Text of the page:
It all started with the MRI phone call and the list of what I like to call "the no questions". Because our answer is almost always no. After all the technical questions, (surgeries, med changes, etc.) we answer:
- Can she sit up? No.
- Does she eat anything by mouth yet? No.
- Does she hold toys? No.
- Does she have feeling in her legs? No, not for the most part.
- Is she mobile? No.
- Does she babble? Yes. (Score!)
The second thing happened inadvertently through conversation with some lovely visitors at work. We were talking about my work in disabilities and encouraging parents to be advocates for their children. The lady I was working closely with asked me how my daughter was today after seeing her picture in my office. The talk around the table turned to children and another woman made the comment something to the extent of "I can't imagine having a child with a disability. I have a daughter. All I had to worry about was if she'd grow up to be a ballerina, but she played softball instead." Most moms won't understand but those words wounded me. My daughter will never be a ballerina or play softball... If you can't imagine having a child with a disability, there are many mothers out there who have children with varying degrees who can enlighten you. Having a child with a disability is: endless doctor visits, physical therapy, occupational therapy, surgeries, clinics, check the shunt, have an MRI, convince the person in charge that your kid needs bracing. Rinse, repeat. Squeeze your spouse in somewhere and if you're lucky, find a few hours of sleep.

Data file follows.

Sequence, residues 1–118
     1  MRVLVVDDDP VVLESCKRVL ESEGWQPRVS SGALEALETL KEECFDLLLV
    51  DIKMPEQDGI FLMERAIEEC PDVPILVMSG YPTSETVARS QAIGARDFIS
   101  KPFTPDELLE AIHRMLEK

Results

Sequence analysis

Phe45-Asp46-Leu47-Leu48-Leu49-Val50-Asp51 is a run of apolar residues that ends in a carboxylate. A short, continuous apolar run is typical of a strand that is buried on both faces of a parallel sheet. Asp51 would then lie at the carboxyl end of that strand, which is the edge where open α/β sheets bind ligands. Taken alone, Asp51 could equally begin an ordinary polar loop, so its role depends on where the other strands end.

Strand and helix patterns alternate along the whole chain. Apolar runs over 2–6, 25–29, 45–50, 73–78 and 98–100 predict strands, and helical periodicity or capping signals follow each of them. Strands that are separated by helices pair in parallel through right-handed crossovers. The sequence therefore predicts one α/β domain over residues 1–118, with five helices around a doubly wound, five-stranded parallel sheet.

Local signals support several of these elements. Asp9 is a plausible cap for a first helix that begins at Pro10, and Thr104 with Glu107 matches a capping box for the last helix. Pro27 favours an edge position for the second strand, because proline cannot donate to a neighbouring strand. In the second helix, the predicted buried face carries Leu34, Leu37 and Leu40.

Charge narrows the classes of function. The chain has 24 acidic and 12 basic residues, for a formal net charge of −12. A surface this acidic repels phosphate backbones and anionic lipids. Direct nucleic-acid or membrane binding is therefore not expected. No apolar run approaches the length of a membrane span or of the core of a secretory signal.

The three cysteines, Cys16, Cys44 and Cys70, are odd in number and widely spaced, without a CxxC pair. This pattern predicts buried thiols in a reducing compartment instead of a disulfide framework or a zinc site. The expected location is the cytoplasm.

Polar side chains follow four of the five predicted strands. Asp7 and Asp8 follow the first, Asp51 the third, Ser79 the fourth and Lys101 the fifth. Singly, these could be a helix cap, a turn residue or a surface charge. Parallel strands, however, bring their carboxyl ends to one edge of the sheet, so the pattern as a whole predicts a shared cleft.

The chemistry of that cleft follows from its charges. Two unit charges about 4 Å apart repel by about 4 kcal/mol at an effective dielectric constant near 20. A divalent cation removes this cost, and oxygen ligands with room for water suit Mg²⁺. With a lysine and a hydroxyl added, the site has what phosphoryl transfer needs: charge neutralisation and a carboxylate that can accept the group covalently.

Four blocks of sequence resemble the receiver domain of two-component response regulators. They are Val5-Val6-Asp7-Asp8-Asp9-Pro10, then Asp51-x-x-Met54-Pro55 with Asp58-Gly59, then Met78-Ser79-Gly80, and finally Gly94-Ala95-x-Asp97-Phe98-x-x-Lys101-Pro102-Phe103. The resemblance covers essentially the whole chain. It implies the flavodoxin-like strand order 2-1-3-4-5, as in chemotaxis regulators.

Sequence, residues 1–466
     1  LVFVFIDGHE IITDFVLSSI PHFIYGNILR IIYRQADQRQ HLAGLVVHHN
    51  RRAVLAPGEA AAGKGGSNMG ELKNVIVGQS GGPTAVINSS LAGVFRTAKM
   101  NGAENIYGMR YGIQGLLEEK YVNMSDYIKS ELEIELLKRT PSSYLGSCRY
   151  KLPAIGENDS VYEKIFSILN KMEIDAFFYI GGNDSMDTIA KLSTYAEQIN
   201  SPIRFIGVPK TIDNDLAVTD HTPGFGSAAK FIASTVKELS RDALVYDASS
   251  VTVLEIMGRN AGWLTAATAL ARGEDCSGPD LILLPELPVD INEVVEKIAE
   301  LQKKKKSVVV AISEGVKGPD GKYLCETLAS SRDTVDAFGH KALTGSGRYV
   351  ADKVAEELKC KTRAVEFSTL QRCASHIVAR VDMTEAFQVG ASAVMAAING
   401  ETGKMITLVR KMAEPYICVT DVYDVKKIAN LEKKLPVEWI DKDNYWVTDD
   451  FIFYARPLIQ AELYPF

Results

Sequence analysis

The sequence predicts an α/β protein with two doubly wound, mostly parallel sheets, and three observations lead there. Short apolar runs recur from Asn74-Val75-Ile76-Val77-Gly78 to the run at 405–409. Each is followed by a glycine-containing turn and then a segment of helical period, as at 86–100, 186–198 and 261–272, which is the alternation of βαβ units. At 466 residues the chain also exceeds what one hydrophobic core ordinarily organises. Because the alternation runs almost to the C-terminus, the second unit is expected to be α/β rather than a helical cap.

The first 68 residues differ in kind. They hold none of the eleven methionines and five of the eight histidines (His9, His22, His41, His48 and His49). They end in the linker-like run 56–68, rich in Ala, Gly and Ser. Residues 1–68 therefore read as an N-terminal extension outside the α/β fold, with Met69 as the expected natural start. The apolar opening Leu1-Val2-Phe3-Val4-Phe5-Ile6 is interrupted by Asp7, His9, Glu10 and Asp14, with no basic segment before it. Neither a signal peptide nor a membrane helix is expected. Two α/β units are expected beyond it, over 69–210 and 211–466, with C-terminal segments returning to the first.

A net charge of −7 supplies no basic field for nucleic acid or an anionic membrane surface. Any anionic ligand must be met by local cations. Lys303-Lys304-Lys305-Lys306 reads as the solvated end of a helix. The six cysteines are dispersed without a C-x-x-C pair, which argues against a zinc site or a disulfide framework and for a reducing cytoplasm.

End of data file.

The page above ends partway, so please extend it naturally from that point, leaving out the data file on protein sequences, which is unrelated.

Normally I could take these things in stride. And then I held an adorable little tiny baby. Yep, I broke my rule and hung out with a baby. But she was so darn cute! And her little ears were pierced. And she smiled at me. And I held her. I was fine, it was good. Until I was stupid and asked how old she was. Three months.... Three months old and light years beyond what Callie is doing. I cried. It's so ridiculous, I know. But the tears came, and I had to give her back and leave. I think it's the moment where you come face to face with things you'll never have that make it hurt.
So yeah, I had "a day" and I will be over it by tomorrow. I am certainly not proud of my lapse in mental status but hey, it happens. I will really feel better after spending some good quality time with my little monster next week. Other babies may be developing faster than her, but no baby will ever be cuter than her ;)